Draconia: I guess my concern with the belief of NOT having a soul dirties the value of living.
Well, there is no need to be concerned. First of all, soul is not a matter of belief. Secondly, belief is not relevant to the value of living.
Draconia: If life is only the here and now and nothing but, then your life is nothing at all.
Except for everything that it is.
Draconia: Your purpose may be to ensure your family grows and that your species continues but your children and family are the same as you and their only purpose is to gratify and sustain the pleasures of those they love.
Those sound like really good purposes.
Draconia: Besides, if there is no greater reason for life other than to live than we truly are no better than even the smallest and simplest of life forms.
What point would there be in being "better"?
Draconia: We are all life, after all.
Exactly. How cool is that!? Rejoice!
Draconia: No, it is the soul that is responsible for compassion, altruism, putting others first. If it was just biology, the natural urge would be to be completely selfish. Why should any person sacrifice when they do not feel they are benefiting from it?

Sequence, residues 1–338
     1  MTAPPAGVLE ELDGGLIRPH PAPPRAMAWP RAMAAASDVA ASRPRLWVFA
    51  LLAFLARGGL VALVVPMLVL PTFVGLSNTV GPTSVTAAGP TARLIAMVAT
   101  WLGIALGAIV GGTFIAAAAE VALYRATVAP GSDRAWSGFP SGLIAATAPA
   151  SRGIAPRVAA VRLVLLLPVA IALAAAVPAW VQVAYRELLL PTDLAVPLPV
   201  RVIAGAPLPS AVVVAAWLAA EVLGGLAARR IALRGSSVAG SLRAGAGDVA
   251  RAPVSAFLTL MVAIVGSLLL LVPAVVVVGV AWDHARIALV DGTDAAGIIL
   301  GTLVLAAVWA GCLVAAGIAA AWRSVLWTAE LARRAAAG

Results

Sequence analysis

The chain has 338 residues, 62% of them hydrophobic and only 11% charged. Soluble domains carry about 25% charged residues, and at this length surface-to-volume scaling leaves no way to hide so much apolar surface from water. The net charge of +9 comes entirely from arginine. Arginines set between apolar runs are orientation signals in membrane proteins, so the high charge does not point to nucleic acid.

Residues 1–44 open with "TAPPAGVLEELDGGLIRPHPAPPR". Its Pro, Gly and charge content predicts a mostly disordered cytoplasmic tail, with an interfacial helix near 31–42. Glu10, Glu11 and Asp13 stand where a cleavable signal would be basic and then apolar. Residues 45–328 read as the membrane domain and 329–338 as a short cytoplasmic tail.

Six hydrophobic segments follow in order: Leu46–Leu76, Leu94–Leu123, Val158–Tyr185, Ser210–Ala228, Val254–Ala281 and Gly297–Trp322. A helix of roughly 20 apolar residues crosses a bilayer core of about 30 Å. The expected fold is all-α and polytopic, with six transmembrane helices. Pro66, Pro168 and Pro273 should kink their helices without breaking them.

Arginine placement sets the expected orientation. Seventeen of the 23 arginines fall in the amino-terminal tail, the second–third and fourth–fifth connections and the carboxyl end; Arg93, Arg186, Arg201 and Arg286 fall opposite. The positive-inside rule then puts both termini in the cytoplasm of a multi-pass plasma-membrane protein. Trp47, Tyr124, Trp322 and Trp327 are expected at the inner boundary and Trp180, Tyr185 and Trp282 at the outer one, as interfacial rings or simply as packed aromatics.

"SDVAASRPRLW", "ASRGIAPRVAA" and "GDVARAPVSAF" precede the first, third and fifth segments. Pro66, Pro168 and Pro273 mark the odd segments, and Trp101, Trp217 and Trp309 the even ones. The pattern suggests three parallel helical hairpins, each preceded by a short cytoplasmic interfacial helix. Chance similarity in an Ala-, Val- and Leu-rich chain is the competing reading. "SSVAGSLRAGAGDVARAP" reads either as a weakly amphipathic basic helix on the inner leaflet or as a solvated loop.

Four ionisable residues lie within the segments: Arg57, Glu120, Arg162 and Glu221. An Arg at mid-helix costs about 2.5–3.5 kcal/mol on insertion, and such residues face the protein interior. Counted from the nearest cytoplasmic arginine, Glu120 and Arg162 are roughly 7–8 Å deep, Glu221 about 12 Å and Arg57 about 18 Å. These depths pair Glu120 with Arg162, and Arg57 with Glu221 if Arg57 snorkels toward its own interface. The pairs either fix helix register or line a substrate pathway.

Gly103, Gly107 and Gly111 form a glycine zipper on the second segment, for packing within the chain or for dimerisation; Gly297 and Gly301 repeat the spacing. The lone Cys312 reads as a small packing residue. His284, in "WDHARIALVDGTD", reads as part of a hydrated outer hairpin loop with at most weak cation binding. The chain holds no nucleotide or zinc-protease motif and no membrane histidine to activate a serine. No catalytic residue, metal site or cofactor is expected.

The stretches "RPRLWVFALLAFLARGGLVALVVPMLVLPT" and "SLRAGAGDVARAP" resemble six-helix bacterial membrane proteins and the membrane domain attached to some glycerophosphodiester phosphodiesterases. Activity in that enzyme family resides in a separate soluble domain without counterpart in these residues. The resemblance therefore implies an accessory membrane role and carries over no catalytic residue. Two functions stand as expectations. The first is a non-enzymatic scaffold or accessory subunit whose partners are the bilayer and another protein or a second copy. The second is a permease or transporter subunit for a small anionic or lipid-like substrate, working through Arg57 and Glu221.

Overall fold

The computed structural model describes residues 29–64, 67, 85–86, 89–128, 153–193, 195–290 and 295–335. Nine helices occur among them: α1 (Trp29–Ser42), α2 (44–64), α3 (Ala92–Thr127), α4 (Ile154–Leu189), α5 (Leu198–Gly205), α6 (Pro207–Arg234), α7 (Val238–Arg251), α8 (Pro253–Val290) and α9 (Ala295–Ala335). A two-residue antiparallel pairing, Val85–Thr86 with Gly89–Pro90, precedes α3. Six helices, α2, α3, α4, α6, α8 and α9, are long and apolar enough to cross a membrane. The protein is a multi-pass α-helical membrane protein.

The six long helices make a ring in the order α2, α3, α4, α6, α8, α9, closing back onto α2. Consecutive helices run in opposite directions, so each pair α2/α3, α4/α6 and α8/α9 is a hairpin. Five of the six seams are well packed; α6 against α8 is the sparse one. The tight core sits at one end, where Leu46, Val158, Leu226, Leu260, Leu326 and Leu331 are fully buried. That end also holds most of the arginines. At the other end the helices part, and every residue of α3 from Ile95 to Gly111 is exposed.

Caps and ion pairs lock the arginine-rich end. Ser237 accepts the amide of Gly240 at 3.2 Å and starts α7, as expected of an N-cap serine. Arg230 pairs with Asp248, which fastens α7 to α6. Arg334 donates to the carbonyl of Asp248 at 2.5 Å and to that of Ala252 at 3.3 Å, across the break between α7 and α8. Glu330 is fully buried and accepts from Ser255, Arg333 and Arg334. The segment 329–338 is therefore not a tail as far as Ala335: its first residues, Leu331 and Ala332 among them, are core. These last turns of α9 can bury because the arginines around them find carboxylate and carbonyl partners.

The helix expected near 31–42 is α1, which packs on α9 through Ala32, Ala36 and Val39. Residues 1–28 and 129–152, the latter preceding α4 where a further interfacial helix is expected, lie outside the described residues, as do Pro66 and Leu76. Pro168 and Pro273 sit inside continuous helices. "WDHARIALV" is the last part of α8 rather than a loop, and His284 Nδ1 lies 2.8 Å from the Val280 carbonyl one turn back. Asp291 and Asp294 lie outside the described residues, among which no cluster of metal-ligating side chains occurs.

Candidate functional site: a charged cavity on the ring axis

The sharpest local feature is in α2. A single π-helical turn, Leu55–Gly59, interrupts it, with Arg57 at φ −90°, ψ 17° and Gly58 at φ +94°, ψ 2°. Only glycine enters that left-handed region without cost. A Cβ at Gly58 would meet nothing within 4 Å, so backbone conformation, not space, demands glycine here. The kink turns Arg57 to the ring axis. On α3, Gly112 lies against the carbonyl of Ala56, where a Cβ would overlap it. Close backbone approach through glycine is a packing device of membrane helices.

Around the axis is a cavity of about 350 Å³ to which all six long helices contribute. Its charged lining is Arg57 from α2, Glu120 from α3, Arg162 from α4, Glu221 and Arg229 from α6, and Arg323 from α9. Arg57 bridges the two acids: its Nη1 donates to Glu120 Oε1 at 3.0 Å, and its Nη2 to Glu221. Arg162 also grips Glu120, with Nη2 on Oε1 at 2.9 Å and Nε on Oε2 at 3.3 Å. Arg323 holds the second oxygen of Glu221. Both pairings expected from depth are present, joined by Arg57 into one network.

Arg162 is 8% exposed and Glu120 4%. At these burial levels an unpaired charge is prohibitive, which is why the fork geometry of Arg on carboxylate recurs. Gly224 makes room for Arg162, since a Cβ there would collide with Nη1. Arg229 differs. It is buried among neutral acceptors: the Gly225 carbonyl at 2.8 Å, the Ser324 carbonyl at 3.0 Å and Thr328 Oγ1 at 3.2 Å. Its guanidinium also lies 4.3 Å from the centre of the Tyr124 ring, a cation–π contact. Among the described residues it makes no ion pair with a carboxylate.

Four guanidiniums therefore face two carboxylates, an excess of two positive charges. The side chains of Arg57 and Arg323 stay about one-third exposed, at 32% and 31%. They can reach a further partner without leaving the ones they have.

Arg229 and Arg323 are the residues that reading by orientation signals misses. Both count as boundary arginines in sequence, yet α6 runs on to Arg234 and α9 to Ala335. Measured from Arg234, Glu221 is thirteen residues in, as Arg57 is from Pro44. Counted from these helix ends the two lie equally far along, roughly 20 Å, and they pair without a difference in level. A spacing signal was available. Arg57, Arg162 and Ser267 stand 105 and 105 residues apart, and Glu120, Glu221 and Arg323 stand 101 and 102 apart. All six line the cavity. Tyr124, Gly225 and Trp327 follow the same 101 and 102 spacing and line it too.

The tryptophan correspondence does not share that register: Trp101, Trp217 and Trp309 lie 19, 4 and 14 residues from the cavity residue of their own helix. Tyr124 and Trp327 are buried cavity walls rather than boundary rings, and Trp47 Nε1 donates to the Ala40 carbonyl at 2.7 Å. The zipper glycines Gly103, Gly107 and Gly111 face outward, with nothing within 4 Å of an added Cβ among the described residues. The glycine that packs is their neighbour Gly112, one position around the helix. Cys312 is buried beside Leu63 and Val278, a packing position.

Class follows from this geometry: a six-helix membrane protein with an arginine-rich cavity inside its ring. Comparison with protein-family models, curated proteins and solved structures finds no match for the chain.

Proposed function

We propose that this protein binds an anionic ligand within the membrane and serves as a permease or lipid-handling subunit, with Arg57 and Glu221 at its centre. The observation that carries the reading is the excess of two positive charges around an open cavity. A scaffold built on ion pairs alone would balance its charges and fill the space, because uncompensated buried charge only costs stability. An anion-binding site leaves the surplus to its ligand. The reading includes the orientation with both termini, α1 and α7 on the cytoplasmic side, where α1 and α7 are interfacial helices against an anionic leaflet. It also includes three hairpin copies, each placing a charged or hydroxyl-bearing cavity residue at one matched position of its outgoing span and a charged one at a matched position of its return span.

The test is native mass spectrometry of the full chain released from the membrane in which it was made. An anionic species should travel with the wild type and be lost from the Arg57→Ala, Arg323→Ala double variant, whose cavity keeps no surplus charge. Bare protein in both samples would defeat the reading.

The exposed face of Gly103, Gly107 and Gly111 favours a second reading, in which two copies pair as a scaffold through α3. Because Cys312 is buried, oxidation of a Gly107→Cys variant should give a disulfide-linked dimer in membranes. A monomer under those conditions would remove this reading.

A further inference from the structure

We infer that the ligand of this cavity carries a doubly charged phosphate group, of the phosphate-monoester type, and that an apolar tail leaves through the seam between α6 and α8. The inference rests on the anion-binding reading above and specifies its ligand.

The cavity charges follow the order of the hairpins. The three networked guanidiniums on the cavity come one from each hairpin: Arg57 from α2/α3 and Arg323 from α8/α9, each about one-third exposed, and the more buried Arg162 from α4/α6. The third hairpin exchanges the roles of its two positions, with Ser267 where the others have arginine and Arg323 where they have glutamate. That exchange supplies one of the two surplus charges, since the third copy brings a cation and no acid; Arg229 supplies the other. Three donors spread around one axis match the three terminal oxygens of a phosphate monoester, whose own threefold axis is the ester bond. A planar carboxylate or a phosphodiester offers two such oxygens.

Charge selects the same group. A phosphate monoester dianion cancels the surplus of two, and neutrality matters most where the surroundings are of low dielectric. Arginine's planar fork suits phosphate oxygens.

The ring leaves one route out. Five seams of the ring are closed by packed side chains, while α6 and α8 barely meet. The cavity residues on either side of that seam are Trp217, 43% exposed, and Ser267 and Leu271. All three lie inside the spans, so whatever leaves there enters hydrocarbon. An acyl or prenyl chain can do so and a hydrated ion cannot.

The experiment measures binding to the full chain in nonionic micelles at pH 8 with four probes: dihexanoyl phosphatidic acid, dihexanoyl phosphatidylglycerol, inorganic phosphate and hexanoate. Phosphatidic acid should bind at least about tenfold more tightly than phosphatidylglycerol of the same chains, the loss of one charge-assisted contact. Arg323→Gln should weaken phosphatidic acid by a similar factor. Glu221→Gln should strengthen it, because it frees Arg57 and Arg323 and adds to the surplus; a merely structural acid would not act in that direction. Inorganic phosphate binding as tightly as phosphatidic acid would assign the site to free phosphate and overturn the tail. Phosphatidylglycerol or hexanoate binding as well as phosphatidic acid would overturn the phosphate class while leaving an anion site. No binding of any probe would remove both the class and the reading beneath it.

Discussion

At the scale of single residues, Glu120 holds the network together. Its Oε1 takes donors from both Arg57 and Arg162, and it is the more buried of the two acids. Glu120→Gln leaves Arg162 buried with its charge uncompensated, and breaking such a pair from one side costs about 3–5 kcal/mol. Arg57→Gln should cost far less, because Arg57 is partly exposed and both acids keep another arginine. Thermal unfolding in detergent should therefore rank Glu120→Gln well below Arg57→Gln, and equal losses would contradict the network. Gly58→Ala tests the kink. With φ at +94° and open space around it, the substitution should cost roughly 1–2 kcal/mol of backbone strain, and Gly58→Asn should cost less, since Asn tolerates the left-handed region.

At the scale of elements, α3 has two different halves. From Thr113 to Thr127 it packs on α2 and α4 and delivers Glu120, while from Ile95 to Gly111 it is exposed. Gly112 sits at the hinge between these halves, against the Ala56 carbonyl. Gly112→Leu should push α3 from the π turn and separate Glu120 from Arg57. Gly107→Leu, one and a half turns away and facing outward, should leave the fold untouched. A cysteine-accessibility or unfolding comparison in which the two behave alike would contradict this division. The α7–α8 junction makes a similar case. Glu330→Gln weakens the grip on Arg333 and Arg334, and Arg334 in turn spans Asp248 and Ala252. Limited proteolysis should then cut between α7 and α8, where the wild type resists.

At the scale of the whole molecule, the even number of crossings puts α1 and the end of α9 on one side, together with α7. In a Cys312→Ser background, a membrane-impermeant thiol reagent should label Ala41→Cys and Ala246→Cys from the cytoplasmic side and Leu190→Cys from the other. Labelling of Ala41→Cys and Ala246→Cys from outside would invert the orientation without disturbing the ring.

Because they want to. It is a natural human behavior for most members of a group to act with compassion towards the members of their group. Overall it has been very beneficial to humans to be this way.
More often than not. That is plenty often enough to be selected for.
Draconia: If not benefiting from the rewards that healthy soul would offer, what then?
A healthy life, lived in kindness.
Draconia: How is having a soul not a matter of belief? You rather believe you have one or you don't.
It would be what it is even if you never heard of it.
Draconia: Belief is relevant because having a soul produces a purpose of living and living good.
It would do that even if you never heard of it. "Believing" in it is not relevant to what it produces.
Draconia: "Those sound like really good purposes"? What, just taking care of your offspring, so they can take care of their offspring, so they can...but why even bother?
Because it's cool. Because we are here, and those are natural behaviors, and it's fun. It works. It makes for a very satisfying life. Growing up, becoming educated, finding a partner, nurturing your babies, growing your family, satisfying your needs and enjoying the repast - these are among the most fulfilling aspects of human existence, the stuff a lifetime of happy memories is made of.